As many providers today offer managed services alongside their colocation facilities, the definition of managed services becomes unclear as all providers market the term in a slightly different way. The important distinction to make is this:

  • Flatsharing — The organization pays a vendor to house its materials in a facility. The customer only pays for the space.
  • Managed Services — The organization pays a vendor to actively maintain or monitor the hardware in some way, whether through performance reporting, interconnectivity, technical support, or disaster recovery.

Third-party data center

Data centers are not defined by their physical size or style. Small businesses can operate successfully with multiple servers and networked storage arrays in a closet or small room, while large IT companies, such as Facebook, Amazon or Google, can fill a huge warehouse space with equipment. and data center infrastructure. In other cases, data centers can be assembled into mobile facilities, such as shipping containers, also known as “data centers in a box,” which can be moved and deployed as needed.

However, data centers can be defined by different levels of reliability or resilience, sometimes called “data center tiers.” In 2005, the American National Standards Institute (ANSI) and the Telecommunications Industry Association (TIA) published ANSI/TIA-942, “Telecommunications Infrastructure Standard for Data Centers,” which defines four levels of data center design and implementation guidelines. Each subsequent level is intended to provide more resilience, security, and reliability than the previous level. For example, a Tier 1 data center is little more than a server room, while a Tier 4 data center offers redundant subsystems and high security.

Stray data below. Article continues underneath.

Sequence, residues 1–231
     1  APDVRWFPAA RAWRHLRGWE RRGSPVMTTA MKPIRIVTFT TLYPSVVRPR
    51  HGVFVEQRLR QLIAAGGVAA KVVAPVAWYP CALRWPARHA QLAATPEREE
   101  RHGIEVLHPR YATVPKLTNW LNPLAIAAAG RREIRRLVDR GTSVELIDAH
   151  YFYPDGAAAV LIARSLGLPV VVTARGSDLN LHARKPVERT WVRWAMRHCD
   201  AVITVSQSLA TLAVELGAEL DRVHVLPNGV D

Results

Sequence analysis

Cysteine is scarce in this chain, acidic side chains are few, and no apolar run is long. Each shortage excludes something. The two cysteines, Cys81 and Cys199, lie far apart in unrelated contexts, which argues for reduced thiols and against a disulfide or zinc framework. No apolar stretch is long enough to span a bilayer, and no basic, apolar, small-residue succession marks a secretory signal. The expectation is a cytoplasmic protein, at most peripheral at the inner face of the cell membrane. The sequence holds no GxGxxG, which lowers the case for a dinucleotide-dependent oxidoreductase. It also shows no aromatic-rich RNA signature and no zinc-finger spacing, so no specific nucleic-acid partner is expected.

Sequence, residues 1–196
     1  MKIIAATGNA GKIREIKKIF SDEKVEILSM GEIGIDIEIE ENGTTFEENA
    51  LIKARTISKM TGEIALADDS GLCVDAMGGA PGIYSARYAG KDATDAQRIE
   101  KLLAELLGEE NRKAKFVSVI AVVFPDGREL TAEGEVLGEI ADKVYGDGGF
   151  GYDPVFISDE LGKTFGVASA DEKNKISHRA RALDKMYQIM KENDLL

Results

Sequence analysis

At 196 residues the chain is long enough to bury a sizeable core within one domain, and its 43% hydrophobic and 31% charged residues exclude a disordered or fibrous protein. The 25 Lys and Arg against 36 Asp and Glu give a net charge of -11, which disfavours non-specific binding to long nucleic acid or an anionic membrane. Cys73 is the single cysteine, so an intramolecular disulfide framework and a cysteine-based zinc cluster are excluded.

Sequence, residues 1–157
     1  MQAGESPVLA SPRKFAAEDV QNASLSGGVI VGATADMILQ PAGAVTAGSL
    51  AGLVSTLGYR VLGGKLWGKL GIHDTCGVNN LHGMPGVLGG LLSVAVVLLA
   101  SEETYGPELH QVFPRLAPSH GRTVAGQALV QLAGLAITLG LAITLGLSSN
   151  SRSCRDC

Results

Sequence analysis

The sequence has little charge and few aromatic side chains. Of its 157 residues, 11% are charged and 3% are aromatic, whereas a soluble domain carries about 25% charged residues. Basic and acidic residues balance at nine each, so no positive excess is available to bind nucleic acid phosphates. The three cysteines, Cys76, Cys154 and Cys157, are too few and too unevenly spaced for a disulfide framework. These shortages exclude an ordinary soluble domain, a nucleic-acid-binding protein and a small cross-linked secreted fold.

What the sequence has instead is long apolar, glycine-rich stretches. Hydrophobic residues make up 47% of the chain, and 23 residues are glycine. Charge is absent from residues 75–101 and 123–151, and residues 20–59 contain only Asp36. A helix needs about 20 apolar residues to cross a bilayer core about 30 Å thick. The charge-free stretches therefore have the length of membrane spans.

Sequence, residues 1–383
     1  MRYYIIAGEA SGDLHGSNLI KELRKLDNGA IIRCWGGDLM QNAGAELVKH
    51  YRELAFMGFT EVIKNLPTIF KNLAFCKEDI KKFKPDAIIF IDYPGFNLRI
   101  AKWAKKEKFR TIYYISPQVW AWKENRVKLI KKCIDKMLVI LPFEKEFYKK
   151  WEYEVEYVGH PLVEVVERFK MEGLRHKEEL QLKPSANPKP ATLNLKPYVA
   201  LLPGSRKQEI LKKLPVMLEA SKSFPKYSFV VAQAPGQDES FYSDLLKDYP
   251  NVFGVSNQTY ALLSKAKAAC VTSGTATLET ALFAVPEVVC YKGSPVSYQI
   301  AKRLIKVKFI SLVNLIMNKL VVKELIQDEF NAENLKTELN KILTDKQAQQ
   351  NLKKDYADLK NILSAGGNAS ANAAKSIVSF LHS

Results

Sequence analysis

The design and architecture of a Data Center

While it is conceivable that almost any suitable space could serve as a “data center,” the deliberate design and implementation of a data center requires careful consideration. Beyond basic questions of cost and taxes, sites are selected based on a multitude of criteria, such as geographic location, seismic and weather stability, access to roads and airports, availability of energy and telecommunications and even the current political environment.